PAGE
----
3. Let's say that the 'traditional' nuclear family (which supplanted the really traditional extended family) is found the least, where it is needed the most: among lower-class Blacks. (And I don't think feminist indoctrination had much to do with it These changes, which are occurring very widely, are in response to something happening much deeper and more fundamental than scolding by academic ideologues -- the latter are more an effect of these deep changes than they are a cause, although there is no doubt a dialectical relationship.) We're not going to change that, and we're probably not going to change the drift of young people towards not getting married. In the middle-on-up layers, this is not so terrible ... going the other way, it is. So we are either going to have to live with it, or try to come up with ways of replacing the functions of the traditional family. I have no idea how to do that. If the US had infinite money, I would experiment with making the local school more of a total Community Centre, with free 24 hour a day quality childcare, well-stocked libraries, computer rooms (censored), etc. But I know we need to spend our money on more aircraft carriers, airplanes than can fly backwards, not to mention little expenditures like the few million dollars a year it takes to pay the salaries of the 200 soldiers in Germany working for 'Africa Command'. [I mean, imagine what a mess Africa would be in if the US military didn't have an 'Africa Command'. Absolutely vital, I'm sure.] So ... we live with it. This means trying to help everyone possible to attain the living style of the intelligent young people taking up their well-paid jobs with Google and similar big corporations. Don't pay any attention to their scolding lectures about how the rest of us are all racists, homophobes, etc ... just watch how and where they actually live, and try to emulate that. You can be sure they live as far away from urban ghettoes as they can, and in 'gated communities' or the equivalent, if possible. Their workplaces and probably their private schools will be protected by armed men. They're much more intelligent than their white racist Republican-voting social inferiors, and we would all do well to pay them the compliment of imitation.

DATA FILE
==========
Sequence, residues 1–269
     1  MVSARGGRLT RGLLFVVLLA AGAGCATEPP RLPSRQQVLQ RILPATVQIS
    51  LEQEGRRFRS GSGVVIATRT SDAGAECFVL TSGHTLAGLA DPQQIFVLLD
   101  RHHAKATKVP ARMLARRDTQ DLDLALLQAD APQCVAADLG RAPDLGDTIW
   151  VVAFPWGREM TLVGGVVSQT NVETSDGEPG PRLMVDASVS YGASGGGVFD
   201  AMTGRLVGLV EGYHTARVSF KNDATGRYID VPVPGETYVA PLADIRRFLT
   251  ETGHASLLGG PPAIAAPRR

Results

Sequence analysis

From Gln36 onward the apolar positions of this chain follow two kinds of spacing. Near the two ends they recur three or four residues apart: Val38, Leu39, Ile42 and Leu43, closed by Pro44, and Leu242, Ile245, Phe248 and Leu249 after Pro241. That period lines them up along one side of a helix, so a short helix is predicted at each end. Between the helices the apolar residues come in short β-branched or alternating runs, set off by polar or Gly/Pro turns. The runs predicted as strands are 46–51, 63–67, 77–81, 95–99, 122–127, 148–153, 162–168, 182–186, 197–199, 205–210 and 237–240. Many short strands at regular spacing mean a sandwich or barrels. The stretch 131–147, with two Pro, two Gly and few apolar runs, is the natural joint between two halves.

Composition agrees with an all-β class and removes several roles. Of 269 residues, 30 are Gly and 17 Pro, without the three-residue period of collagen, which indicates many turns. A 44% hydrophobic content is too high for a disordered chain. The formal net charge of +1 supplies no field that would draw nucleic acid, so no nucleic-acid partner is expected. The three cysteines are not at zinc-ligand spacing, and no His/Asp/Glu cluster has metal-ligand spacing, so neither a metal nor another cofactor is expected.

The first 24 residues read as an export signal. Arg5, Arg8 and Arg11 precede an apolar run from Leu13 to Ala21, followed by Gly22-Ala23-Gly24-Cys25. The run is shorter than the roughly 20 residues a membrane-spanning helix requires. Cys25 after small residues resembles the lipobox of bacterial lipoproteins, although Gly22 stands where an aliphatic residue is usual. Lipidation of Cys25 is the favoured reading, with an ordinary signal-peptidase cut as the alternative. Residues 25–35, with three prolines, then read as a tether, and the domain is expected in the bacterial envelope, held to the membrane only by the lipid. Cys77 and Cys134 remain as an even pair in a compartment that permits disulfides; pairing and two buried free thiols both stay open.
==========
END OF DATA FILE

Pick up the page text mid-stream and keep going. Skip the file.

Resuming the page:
4. And I suspect there is a serious overlap between 'mental illness' and 'upbringing, influences, etc', i.e. 'the environment'. I wouldn't argue with the proposition that 'character can often be adjusted through changing the environment'. In fact, I'd leave out the qualifying 'often'. And we have to be careful about that term 'mental illness', by which I take it you mean 'internal' biological factors that are not the fault of the individual. I'm sure these are real, but we are at present so deeply ignorant of how the brain/nervous system works, that we can mainly just speculate. [In 1965, a mass shooter went up into the University of Texas tower and killed 13 people, including a casual acquaintance of mine, firing over open sights (and NOT using a scary-looking assault rifle). (He was a former Marine and knew his business, and would no doubt have passed any conceivable background check.) An autopsy revealed a small brain tumor, but no one has been able to show that this was the cause of his behavior, which, as I recall, remains unexplained. In any case, we could no doubt eliminate a lot of criminal and sub-criminal behavior, if we could provide the right environment: two loving parents who apply the right mixture of unconditional love plus discipline, no serious financial worries for them, ie. stable employment at a decent wage, no surrounding bad examples to model on [read Judith Rich Harris's The Nurture Assumption for an eye-opening review of how important the peer group is in shaping behavior], a school that doesn't tolerate bad behavior and teaches real knowledge [for those interested, have a look at a unique educational experiment going on in the UK, among children mainly from deprived backgrounds: http://mcsbrent.co.uk/ ] I recently read a paper supposedly demonstrating that 'impulsiveness' has a genetic link, but that impulsive behavior can be overcome if you're raised in the right environment. So the question is, how to provide the 'right environment'? We know that the effects of the admirably-motivated 'Head Start' program fade out after a few years, unless the program is continued. If you are the child of a single mother who is a drug addict, living in a neighborhood surrounded by similar people ... what program can we imagine that can overcome that? Children raised in such a toxic environment are going to have a massive cultural deficit, and it's ridiculous to blame schools for not overcoming it. And this is just the 'easy' cases: I think that most of the mass shooters came from rather more complex backgrounds. So, yes, not easily addressed. (Just like the problem of dealing with, if you wanted to, all the literally several hundred million firearms in the US.)